Most QSRs see value in offering delivery to customers. Little Caesars is one of the few national chains that doesn’t offer delivery. Does that represent an opportunity or a challenge for you as a marketer? 

There are pockets in North America, including Canada, where we’re experimenting with some third-party [delivery] options. I believe we’re with SkipTheDishes up north. But Hot-N-Ready is the core of our business, and we look at that as its own way of convenience. We’re the one place you can walk in and be sure that between certain hours that our LTO or pepperoni pizzas are there, ready to be handed over, knowing that they were made 30-minutes or less. In the past, it has been a big driver as to how we could maintain our value reputation versus our competitive set, so it has played into that. Everyone seems to be fighting over delivery; we’re kind of going the other way. [...] It doesn’t mean that delivery isn’t something that we’re looking into for the future. But at this point, we don’t have plans, and even if we did down the line, Hot-N-Ready is what built the company.

You first launched the Pizza Portal in the U.S. last November. What have you learned since then, and why did you decide to bring it to Canada?

One of the benefits of being a private company is we don’t manage quarter to quarter, so we were able to put Pizza Portals in all of our restaurants in the U.S. at the same time. And it’s been a huge success for us. It was the first heated, self-service mobile order pick-up station in the restaurant industry. I don’t need to convince anyone [here] that consumers are used to ordering food online. And it’s just an added convenience of skipping the register and skipping the line when you walk into the store in a seamless consumer experience. We’re also able to merchandise things a little bit more effectively digitally, so we have seen our average [bill] go up significantly when moving customers online, whether it be through our app or just online ordering, as consumers take the time to scroll through the app and see what side they want to pick or what beverage, and they’re able to just get in and out.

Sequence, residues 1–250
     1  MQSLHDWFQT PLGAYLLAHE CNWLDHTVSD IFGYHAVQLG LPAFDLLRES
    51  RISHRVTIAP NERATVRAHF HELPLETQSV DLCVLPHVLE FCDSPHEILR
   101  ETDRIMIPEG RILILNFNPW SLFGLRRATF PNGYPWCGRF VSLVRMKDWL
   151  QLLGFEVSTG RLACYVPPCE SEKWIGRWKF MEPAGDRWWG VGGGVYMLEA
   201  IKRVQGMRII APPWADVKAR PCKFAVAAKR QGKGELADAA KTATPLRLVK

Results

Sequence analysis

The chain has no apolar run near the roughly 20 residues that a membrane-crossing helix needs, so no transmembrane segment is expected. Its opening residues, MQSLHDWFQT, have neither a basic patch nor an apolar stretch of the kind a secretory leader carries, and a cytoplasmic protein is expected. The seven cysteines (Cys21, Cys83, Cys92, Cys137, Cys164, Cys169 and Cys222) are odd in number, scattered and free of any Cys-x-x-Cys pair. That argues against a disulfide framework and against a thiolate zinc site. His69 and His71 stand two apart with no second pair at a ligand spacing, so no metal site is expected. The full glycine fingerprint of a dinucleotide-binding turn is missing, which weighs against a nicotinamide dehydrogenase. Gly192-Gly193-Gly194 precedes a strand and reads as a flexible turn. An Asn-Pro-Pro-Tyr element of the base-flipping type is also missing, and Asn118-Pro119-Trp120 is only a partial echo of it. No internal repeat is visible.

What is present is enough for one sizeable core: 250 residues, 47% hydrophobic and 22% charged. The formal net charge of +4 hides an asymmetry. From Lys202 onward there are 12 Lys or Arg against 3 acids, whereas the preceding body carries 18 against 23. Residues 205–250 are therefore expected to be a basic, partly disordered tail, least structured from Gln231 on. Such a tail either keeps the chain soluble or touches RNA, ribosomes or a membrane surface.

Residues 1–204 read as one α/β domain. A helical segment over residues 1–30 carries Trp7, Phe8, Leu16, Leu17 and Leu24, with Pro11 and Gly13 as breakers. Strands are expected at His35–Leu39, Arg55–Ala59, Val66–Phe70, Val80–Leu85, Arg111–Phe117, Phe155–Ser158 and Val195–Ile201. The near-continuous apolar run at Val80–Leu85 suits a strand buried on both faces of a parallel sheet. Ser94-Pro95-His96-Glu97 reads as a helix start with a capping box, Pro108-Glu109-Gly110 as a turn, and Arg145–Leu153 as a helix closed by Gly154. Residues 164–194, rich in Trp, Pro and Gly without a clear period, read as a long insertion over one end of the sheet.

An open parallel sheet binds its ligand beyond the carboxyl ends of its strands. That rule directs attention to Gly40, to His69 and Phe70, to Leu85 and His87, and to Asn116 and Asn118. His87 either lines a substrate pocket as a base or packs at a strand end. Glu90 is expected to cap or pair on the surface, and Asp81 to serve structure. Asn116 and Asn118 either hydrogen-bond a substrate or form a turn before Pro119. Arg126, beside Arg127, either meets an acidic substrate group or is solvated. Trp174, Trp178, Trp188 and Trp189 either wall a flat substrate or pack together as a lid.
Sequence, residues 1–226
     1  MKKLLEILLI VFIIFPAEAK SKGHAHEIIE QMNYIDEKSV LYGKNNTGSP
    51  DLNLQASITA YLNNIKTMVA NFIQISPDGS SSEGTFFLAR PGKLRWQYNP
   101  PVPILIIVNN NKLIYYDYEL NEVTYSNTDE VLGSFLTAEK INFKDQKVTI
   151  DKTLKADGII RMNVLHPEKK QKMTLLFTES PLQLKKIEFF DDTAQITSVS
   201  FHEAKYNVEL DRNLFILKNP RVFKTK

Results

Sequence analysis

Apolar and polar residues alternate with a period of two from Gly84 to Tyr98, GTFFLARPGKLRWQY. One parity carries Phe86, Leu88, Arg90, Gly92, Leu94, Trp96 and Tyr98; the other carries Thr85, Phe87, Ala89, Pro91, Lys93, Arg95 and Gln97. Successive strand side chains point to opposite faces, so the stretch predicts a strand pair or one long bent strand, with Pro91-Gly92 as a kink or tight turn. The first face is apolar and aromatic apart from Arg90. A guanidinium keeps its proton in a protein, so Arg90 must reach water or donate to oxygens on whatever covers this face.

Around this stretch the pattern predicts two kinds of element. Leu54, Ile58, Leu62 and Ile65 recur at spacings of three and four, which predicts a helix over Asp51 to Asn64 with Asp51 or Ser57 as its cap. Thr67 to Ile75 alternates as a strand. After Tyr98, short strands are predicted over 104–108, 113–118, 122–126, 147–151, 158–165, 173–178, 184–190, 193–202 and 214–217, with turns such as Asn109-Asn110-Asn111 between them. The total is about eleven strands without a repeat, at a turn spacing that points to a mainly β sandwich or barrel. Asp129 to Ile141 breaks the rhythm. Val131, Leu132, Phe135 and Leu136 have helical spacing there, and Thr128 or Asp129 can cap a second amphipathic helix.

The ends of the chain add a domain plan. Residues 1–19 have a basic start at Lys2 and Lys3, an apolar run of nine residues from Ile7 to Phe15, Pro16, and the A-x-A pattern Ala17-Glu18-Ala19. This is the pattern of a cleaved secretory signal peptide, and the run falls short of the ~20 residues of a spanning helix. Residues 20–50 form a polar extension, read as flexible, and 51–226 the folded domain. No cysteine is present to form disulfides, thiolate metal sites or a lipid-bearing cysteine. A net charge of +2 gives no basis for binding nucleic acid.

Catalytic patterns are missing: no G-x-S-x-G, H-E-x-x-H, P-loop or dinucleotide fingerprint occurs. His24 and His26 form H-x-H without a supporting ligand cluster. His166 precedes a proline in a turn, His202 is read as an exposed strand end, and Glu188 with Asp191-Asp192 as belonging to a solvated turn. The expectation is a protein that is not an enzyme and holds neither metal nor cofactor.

Taking a step back, stepping into this new role, what are some of the challenges or opportunities that you see in terms of what you want to accomplish? 

When I think about the biggest challenges that the brand faces today, one is this notion of balancing building the business with building the brand. There’s a lot of pressure – more pressure than I was used to at PepsiCo – to have all of your marketing efforts drive sales overnight, and I think there’s an opportunity for us to focus more on building our brand over time. It’s difficult to design for long-term growth when marketing is tasked to drive traffic into stores, and in a franchisee network, where they are so passionate about their individual businesses, as they should be, it’s personal. You have that obligation to make sure their cash registers are ringing at all times.

The second-biggest challenge for me – something I was unaware of even up until I was interviewing [for this job] – is how good the quality of our product is. People have a really tough time grasping that you can have a high-quality product at such a low price. And the reason we’re able to do that is extreme volume. We make less as a percentage and sell a lot more to make up for it. That’s a really tough narrative to thread to consumers, because it’s almost too good to be true from a consumer perspective. In blind taste tests, we’re one-in-one with the top pizza brands. In branded taste tests, unfortunately, we’ve got some work to do. It’s an opportunity for us to tell that story. But we’ve got to tell it in a Little Caesars way.

This interview is part of a series for Strategy C-Suite, a weekly email briefing on how Canada’s brand leaders are responding to market challenges and acting on new opportunities. Sign-up for the newsletter here to receive the latest stories directly to your inbox every Tuesday.

The interview has been edited for length and clarity.